Remove Gasoline From Clothes?

Discussion in 'The Watercooler' started by susiestar, Mar 1, 2016.

  1. susiestar

    susiestar Roll With It

    Yesterday morning I had a doctor's appointment out of town and woke up a bit late. When Jess and I left we were only about 15 min later that I wanted to leave. I noticed it and thought we were doing fine. Then I realized I needed gas. Just as I was taking the gas nozzle out of the car, my hand spasmed. Gasoline splashed all over the car and on ME. I used the gas station restroom to rinse off and then went back home. I had to wash my right arm and leg and upper torso, change and leave. I left my dress soaking in a big bowl in the tub.

    How do I clean the dress? I just got it a month ago and have only worn it a few times. I love the dress but can it be saved? It got a lot of gas on it, all across the front and down onto the skirt. Searches online say to wash it with vinegar, but I don't think they mean for a stain this big. Is it possible to save the dress?

    Thanks for the advice!
  2. pigless in VA

    pigless in VA Active Member

    susiestar, you were smart to come home and wash and change. It isn't safe to wash the dress in the washer with gasoline all over it. My washer has a sticker on the lid warning against this. Maybe try washing the whole thing in the tub in vinegar several times and then line drying it. I think, though, that you will probably still smell gas on it. I'm sorry about the dress, but at least you didn't burst into flames.
  3. InsaneCdn

    InsaneCdn Well-Known Member

    Can it be saved? Yes.
    As pigless says, though, you can't use the washing machine.

    What kind of fabric are we dealing with? As in, can this be washed in HOT water? Is it color-fast?

    You did well to soak it a bit - reduce some of the obvious excess. Now, let it line dry outside for at least 24 hours.

    If it is color-fast, try using dish soap on it, with just enough warm water to be workable. Then soak in the hottest water that the fabric can take. Gasoline has a "grease" component that dish soap handles. This may or may not take care of most of it. After half an hour or so, rinse it out and line dry.

    If stain or smell are still there, use a paste of baking soda. Work it in, let it dry, brush it off.

    Wash in machine, then line dry. If smell or stain are still there, repeat baking soda step. (multiple times if necessary)

    Do NOT dry in machine unless all stain and smell are gone.
  4. Jabberwockey

    Jabberwockey Well-Known Member

    Felt that this was worth repeating. People have done this when there was still some gas on the garment and it caused the dryer to explode. DONT DO THIS!!
  5. InsaneCdn

    InsaneCdn Well-Known Member

    Problem number one is running the dryer at the same time.
    Problem number two is the sparks and friction from the washing machine motor.
    Problem number three is that even just opening the LID of the washer when you are done, may cause enough friction to spark an explosion.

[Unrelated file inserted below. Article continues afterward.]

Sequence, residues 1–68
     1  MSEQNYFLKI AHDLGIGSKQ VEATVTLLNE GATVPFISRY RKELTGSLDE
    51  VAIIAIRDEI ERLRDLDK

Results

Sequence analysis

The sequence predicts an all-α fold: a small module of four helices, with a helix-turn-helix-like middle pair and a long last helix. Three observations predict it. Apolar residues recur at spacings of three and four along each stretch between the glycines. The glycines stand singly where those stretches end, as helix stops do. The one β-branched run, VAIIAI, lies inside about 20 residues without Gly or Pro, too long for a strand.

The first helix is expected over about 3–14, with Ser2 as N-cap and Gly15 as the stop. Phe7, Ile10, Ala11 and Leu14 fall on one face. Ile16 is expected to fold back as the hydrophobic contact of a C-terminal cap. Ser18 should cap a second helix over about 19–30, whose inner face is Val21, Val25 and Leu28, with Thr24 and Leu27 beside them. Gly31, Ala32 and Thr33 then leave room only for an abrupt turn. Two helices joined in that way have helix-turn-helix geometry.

On the other hand, one of my relatives was known to wash gas-soaked clothes in the washing machine... only outside and always on a windy day. The wind kept the fumes down, it was a really old machine, and it was sitting on a gravel driveway - nothing to burn. Never did have a fire, but... I don't know many people who want to haul a machine outside to do this. (This person kept an old washer in the garage)
  6. AnnieO

    AnnieO Shooting from the Hip

    Yup, I will chime in on the don't wash it in the washer till the gas is gone!

    Gasoline itself is odorless. They add a smelly compound so people notice it. ALSO, it is the FUMES from the gasoline that are explosive/flammable, not the gasoline itself.

    Bill has done similar when working on cars, here's what I do.

    Vinegar for the whole thing. I would soak for at least a day. Rub baking soda into obvious stains - it will foam up with the vinegar. Then HAND wash in COLD (bathtub or sink or whatever) with Woolite. Air dry. Use your nose and fingers to determine - if the smell is gone and there is NO oily residue, you're good to go. But check carefully.

    A caveat... Bill usually wears his coveralls, so I don't run them through the dryer, ever...
  7. ksm

    ksm Well-Known Member

    Can you call a dry cleaner and explain what happened. And see if it is something they can get out? KSM
  8. susiestar

    susiestar Roll With It

    I ended up throwing it out. After several attempts to wash it out by hand, my hands hurt so bad I was in tears. husband found me crying and insisted I toss it and buy another dress. He can handlle almost anything but finding me in tears is the one thing he hates.
  9. AnnieO

    AnnieO Shooting from the Hip

    That sounds like the best outcome, then! I'd forgotten about your hands. Hugs.
  10. InsaneCdn

    InsaneCdn Well-Known Member

    For future reference (because I forgot about your hands too), you might have been able to send it to the dry cleaners.